Politics, specifically - the conflicts and disagreements between the members of GOP and democrats - might be one of the most important things on the minds of the Americans right now, but it's the phone service that could, sometimes, ruin an important moment - like an ability to timely respond to a very controversial Facebook remark. Which - in the case of the smartphones - could be avoided.
The disagreement and imbalance of smartphones' ownership does interest tech geeks. In particular - the number of the 'electoral voters' that Androids and iPhones have against each other.
According to the virtual US map created by mobile ad firm JumpTap, the country is divided into states dominated by Google and those by Apple, as well as some states still quite loyal to BlackBerry (I know a few of those in Washington, DC as well.)
The map shows that states with more than a typical number of Android users are shown in yellow, while those with more than typical iPhone usage are shown in blue. Though not on the map, Hawaii is an iPhone state, while Alaska has more of both Android-based phones and iPhones than the typical state. New York was among the states leaning BlackBerry. The last finding was rather surprising for me. Per my humble observation, I see more New Yorkers using an iPhone and/or Android, but less of a BlackBerry.
Android is particularly popular in California, Texas and Florida, which have a lot of electoral votes, so those might be places where Apple needs to do some campaigning.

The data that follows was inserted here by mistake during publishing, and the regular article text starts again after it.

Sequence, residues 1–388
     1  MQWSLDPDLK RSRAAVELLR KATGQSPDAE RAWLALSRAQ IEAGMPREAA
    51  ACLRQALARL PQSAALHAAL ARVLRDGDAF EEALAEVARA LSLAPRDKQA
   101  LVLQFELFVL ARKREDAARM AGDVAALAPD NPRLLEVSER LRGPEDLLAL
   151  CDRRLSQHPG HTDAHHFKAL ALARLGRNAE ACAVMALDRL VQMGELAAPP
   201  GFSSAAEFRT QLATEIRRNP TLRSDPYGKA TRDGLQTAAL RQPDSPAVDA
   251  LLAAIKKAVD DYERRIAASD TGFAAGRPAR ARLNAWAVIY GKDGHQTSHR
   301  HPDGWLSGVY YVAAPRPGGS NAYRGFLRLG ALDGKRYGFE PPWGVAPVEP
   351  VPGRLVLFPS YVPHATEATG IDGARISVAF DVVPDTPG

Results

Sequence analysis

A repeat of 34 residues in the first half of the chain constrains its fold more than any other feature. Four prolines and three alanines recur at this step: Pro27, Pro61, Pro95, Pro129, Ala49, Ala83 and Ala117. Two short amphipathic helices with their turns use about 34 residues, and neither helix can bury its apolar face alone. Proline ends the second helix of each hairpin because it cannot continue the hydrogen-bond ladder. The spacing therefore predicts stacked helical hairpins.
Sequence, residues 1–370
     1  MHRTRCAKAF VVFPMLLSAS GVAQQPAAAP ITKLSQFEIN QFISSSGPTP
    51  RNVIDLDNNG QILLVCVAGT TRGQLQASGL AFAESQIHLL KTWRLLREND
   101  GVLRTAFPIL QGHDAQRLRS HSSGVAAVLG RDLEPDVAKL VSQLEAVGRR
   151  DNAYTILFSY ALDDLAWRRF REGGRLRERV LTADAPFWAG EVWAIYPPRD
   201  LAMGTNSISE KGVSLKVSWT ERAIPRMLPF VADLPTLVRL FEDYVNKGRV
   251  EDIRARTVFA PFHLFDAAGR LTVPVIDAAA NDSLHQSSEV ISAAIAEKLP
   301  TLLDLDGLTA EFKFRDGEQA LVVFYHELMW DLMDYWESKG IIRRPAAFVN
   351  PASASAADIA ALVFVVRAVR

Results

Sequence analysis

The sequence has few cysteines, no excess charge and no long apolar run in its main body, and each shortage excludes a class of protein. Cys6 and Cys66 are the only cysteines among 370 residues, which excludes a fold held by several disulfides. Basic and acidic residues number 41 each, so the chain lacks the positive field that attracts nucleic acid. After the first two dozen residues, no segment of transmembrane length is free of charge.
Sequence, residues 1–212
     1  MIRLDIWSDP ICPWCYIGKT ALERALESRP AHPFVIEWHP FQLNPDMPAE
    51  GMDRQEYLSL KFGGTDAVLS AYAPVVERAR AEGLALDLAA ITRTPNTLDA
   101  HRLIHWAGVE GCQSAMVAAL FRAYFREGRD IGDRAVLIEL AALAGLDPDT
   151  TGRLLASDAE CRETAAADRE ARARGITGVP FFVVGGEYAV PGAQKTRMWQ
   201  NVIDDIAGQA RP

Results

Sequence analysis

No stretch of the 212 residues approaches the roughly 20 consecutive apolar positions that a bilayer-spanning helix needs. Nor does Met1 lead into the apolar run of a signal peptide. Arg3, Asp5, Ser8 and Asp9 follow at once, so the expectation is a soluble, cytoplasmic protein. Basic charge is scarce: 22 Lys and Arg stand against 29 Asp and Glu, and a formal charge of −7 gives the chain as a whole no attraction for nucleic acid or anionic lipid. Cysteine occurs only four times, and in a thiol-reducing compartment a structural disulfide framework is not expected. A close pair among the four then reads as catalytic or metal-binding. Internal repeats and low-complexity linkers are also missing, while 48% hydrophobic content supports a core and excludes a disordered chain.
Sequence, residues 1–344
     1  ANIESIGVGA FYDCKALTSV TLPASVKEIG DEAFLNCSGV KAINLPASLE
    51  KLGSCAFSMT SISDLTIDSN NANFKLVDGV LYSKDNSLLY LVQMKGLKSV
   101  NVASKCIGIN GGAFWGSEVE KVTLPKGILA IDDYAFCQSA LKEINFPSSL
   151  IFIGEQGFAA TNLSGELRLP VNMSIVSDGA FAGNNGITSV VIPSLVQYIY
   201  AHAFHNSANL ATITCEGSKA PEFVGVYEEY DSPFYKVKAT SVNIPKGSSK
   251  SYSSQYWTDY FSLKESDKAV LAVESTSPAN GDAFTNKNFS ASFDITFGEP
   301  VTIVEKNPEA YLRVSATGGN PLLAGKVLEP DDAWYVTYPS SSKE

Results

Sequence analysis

Sorry, Blackberry, but according to Business Insider, Blackberries would never achieve the same wide popularity as Androids and iPhone have. This is what to expect in the near future:
- Most survey participants are planning to upgrade to a new smartphone in the next year or two.
- Most participants say they will upgrade to the "latest, greatest" smartphone, not an older, cheaper one.
- Most survey participants are NOT planning to switch platforms when they upgrade
- Most participants say "features" and "platform" are the most important factors when choosing a smartphone. App selection is also important, but not as important as most people think.
- Most iPhone owners say they would buy an Android phone if there was an Android phone that was better in most key ways than an iPhone. This suggests the iPhone's feature lead still matters. It also suggests that the Apple platform does not have the "lock-in" that many Apple bulls believe. It also increases the pressure on the iPhone 5 to be a humdinger of an upgrade.
- Most Android users say they won't consider buying an iPhone because they "hate Apple." (We'll explore why in a future survey).
- Most of the rest of Android users say they would consider buying an iPhone if iPhones worked better with non-Apple products. This highlights the risk of Apple's closed system.
- Most iPhone owners already have the iPhone 4.
- Most iPhone owners are still planning to upgrade to the iPhone 5.